Chemical magic tricks

Learn chemistry and do wonders!

Mag­ic and sci­ence of­ten go hand in hand. There are no mir­a­cles for a sci­en­tist, and seem­ing­ly fan­tas­tic phe­nom­e­na can be eas­i­ly ex­plained. For the av­er­age per­son, lab­o­ra­to­ry ex­per­i­ments look in­cred­i­ble and en­tranc­ing. This ar­ti­cle will lift the cur­tain on sev­er­al se­crets of chem­istry. With the tricks of­fered here, you can eas­i­ly im­press your friends and feel like a wiz­ard.

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A knowl­edge of the laws of chem­istry makes it pos­si­ble to demon­strate strik­ing trans­for­ma­tions, which will im­press ev­ery­one. We’ll look at three ef­fec­tive tricks which you can do at home. They can de­light both chil­dren and adults, and in­spire peo­ple to make new mag­i­cal dis­cov­er­ies. In skill­ful hands, or­di­nary items eas­i­ly be­come mag­i­cal.

A vol­cano on a plate

You can awak­en your own dor­mant vol­cano at home in mere min­utes. If the trick is done care­ful­ly and cor­rect­ly this will look im­pres­sive

You will need:

  • plas­ticine;
  • wa­ter;
  • soda;
  • vine­gar;
  • red and or­ange food col­or­ing.

Ex­per­i­ment pro­ce­dure

1. Make a dor­mant vol­cano.

Make a cone from plas­ticine so that it re­sem­bles a vol­cano. Place it on a flat plate. The plate should be larg­er than the base of the vol­cano, to leave space for the erupt­ing lava. The base can be dec­o­rat­ed with green grass for vis­ual ef­fect.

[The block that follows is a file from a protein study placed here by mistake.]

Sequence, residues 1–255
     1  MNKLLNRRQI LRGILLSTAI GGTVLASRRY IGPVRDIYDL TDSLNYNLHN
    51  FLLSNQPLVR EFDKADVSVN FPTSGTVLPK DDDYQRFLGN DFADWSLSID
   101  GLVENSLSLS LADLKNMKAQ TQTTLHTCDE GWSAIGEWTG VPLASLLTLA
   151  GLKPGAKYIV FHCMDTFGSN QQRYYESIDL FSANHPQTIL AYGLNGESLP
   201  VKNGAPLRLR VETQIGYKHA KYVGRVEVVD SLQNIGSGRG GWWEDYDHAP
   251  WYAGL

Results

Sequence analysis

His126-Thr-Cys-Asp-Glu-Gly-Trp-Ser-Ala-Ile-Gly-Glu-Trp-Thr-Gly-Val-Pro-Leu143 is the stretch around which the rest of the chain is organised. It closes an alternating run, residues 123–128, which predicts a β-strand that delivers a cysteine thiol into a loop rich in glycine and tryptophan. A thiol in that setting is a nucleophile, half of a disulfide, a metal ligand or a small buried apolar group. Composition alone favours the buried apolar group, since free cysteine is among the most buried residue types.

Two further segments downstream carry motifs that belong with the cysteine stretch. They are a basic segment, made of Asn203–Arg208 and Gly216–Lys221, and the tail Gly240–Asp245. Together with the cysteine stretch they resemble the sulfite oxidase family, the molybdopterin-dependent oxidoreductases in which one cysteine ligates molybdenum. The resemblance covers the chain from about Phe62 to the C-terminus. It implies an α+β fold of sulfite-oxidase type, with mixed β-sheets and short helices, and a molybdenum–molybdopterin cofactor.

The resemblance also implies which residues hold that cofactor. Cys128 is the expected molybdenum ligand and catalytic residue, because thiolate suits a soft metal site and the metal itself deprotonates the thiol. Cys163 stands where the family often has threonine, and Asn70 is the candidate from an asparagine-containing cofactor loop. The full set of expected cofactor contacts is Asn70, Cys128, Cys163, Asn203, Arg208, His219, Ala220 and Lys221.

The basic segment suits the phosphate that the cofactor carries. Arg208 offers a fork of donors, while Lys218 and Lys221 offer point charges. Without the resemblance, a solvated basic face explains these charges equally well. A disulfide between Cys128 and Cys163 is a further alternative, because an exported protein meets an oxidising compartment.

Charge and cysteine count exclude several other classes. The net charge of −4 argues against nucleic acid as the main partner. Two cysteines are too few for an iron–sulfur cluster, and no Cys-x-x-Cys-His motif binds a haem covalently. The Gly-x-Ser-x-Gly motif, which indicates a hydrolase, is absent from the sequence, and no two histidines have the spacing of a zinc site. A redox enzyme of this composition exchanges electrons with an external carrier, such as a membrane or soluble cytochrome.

2. Pre­pare the lava.

Pour kitchen soda into the vol­cano crater. The amount de­pends on the size of the vol­cano. Do not fill the in­side of the vol­cano by more than 30%. Then add food col­or­ing. The col­or is very im­por­tant. The best ef­fect comes from com­bin­ing red and or­ange. The brighter it is, the more nat­u­ral the lava will look. You should per­form steps one and two be­fore show­ing the trick to view­ers. This will help to make the max­i­mum im­pres­sion.

3. Make the erup­tion.

Af­ter get­ting the au­di­ence ready and telling them about the unique, mag­i­cal awak­en­ing of the vol­cano, you can start to per­form the trick. Care­ful­ly add vine­gar, and watch the erup­tion and the amazed faces of the view­ers. It’s bet­ter to pour the vine­gar from an at­trac­tive trans­par­ent bot­tle. The vine­gar will look like or­di­nary wa­ter. This helps to amaze the view­ers even more.

Flame­proof mon­ey

This sim­ple trick is al­ways a great suc­cess. View­ers will no doubt want to watch it again, so you should have plen­ty of ma­te­ri­al.

You will need:

  • a ban­knote;
  • wa­ter;
  • al­co­hol;
  • salt;
  • tweez­ers;
  • bowl.

Ex­per­i­ment pro­ce­dure

1. Pre­pare the mag­ic so­lu­tion

Make a mix­ture of wa­ter and al­co­hol in the ra­tio of 1:1. Then add a pinch of salt and mix thor­ough­ly. Pour into an at­trac­tive bot­tle, so you can show the mag­ic liq­uid to the view­ers.

2. Soak the mon­ey in the mag­ic liq­uid.

When you have gath­ered your au­di­ence, fill the bowl with so­lu­tion. Then im­merse the ban­knote in it and let it soak. The main thing is not to keep it there too long, or the pa­per will curl up and tear when you take it out.

3. Set the ban­knote on fire.